How Can You Support People Living With Dementia?

Dementia is a disease which affects so many people in this country. You may have a family member with dementia or know a friend who has a family member with dementia- whatever your connection, it is a life-changing condition and something that is on the rise with an ageing population in the UK.

John Lewis’ 2015 Christmas advert in support of Age UK brought loneliness, in particular loneliness among our elderly, to the attention of more people. Loneliness often falls hand in hand with dementia – the confusion dementia often brings, not to mention the worry of what the future entails, can cause a feeling of isolation and anxiety among our elderly.

It is estimated that there are around 850,000 people living with dementia in the UK, of which 5% are under the age of 65. The risk of developing dementia increases with age meaning that 1 in 14 people over the age of 65 currently live with dementia. Despite this, it is important to remember dementia is not a normal part of the ageing process and it entails more than just memory loss.

Last October, The Manchester Global Health Society held its first Dementia Friends session led by Professor Alistair Burns, (Professor of Old Age Psychiatry and the National Clinical Director for Dementia). Professor Burns gave an entertaining and informative talk about dementia to a 150-person audience – the diverse audience was made up of students from local schools, members of the public including partners of dementia sufferers. This was followed by a touching Q&A session with a people’s panel. The audience were captivated and taken on a journey – discovering what living with dementia might entail and what we as individuals can do to help.

Along with the MCR Global Health Committee, I signed up as a Dementia Friend and I urge everyone, whether you work in healthcare or not, to do the same – and in doing so learn more about dementia.

Becoming a Dementia Friend is so easy and it will open your mind up to at least a snippet of how living with dementia might feel and what you can do to support someone living with dementia.

You can become a dementia friend by clicking here.

The most important thing I took away from the session is that dementia does not define a person and anyone can still live a good life with dementia as long as they are surrounded with the love, support and comfort that all humans deserve, especially our elderly.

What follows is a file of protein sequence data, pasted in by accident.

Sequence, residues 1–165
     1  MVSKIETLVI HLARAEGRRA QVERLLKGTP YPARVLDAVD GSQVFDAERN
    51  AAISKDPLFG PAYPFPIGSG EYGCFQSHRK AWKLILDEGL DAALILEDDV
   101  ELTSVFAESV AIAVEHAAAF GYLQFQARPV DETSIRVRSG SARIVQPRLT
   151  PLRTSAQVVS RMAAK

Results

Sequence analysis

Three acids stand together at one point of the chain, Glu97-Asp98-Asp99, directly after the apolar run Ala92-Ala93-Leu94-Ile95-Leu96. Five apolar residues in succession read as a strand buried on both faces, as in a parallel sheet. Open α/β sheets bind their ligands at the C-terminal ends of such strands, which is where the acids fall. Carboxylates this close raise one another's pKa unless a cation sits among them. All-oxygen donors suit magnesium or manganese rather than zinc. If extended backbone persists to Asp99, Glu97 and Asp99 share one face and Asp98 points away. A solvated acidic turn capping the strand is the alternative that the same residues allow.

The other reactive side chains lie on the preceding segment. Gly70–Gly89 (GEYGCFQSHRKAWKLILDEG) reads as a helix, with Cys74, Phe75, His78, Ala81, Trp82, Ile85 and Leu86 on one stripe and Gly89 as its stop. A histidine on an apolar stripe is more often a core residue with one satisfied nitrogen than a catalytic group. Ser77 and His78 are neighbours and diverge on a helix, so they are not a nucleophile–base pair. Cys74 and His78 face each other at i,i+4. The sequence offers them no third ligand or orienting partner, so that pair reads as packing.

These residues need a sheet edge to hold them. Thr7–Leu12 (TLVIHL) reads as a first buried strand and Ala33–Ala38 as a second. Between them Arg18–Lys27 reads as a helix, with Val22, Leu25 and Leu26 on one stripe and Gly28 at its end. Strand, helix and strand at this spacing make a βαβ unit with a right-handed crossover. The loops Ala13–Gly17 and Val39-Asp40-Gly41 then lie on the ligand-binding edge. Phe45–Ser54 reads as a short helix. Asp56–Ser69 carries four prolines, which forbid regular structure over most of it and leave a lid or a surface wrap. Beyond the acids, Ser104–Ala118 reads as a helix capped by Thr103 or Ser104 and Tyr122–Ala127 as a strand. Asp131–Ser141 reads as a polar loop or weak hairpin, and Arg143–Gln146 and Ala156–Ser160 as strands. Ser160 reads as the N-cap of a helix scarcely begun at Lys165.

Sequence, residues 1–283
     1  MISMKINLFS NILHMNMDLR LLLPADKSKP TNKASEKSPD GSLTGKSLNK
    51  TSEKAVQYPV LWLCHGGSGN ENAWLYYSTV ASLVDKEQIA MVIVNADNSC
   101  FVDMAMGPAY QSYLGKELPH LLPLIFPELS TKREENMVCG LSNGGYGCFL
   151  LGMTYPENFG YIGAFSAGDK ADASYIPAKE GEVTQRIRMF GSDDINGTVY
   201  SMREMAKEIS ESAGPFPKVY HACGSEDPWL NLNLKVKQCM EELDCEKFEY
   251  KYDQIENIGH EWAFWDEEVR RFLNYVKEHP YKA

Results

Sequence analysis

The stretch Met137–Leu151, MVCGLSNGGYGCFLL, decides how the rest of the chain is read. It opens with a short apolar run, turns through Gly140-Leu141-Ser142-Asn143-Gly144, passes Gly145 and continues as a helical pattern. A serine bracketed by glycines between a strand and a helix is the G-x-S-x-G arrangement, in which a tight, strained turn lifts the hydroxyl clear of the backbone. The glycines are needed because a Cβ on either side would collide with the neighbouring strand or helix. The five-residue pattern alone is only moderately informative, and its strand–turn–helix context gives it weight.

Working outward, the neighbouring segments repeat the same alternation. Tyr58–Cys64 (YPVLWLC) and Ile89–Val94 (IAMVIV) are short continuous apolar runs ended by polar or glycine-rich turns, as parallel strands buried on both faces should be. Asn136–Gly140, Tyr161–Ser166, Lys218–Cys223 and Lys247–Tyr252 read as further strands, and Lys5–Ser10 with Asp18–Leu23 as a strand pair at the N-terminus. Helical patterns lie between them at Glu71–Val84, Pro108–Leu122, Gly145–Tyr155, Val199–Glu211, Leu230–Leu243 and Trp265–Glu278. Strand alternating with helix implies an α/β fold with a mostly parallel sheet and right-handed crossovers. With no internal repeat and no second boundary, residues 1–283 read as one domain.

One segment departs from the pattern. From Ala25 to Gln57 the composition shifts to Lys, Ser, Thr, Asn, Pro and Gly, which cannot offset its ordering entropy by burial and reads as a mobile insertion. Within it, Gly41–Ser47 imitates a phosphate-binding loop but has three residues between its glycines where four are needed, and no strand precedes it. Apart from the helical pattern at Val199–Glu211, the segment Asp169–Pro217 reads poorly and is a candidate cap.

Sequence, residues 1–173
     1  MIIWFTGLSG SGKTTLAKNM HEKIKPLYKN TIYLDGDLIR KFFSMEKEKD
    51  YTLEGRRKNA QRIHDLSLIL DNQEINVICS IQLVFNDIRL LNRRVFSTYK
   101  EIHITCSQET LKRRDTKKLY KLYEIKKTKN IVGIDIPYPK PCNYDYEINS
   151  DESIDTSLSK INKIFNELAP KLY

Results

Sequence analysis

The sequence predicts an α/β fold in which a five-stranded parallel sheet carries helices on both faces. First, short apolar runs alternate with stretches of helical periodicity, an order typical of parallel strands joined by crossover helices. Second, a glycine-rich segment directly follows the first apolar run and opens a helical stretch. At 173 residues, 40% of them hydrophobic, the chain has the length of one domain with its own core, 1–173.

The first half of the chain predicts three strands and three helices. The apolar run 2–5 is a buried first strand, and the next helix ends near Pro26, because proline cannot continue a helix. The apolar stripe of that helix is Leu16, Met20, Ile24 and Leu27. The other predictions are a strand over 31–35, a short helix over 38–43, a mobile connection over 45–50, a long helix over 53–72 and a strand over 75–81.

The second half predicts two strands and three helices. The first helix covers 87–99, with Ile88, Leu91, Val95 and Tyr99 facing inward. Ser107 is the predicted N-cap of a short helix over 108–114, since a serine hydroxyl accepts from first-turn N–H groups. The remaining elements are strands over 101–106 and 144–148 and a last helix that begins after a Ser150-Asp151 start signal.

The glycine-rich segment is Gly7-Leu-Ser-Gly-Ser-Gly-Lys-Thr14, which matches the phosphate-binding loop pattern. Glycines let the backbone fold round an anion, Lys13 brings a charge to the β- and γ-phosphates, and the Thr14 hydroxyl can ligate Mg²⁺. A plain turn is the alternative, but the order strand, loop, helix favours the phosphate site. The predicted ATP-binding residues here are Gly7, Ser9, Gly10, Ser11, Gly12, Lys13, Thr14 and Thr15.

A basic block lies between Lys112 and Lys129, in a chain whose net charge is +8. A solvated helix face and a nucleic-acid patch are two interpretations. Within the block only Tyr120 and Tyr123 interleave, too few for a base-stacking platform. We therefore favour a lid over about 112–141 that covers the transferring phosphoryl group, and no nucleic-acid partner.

After the event members of the audience made personal pledges to learn about dementia and support those with dementia – here are some of the amazing pledges:

–  ‘Feel more confident about talking to my nan. Tell my family members about how people with dementia will remember the good feelings they got from your interaction, even if they can’t remember the event that made those feelings.’

–  ‘To continue to work in dementia research to try and help improve the lives of people living with dementia alongside them’

–  ‘Raise awareness about Dementia and how we can tackle the issue as a collective rather than on our own! #Weareallinthistogether’

–  ‘Aim to reduce the stigma surrounding dementia by talking to other about what I have learned.’

Caitlin Sheehy


Caitlin Sheehy is currently in third year studying medicine in Manchester and vice-president of the society. She is interested in promoting Global Health in the Medical School and also reaching out to other societies and the local community to raise awareness of the issues faced in Public and Global Health. Caitlin is from Leicester and in her free time enjoys running, with plans to run the London Marathon next year.Caitlin Sheehy


All data is from https://www.alzheimers.org.uk and http://www.dementiafriends.org.uk

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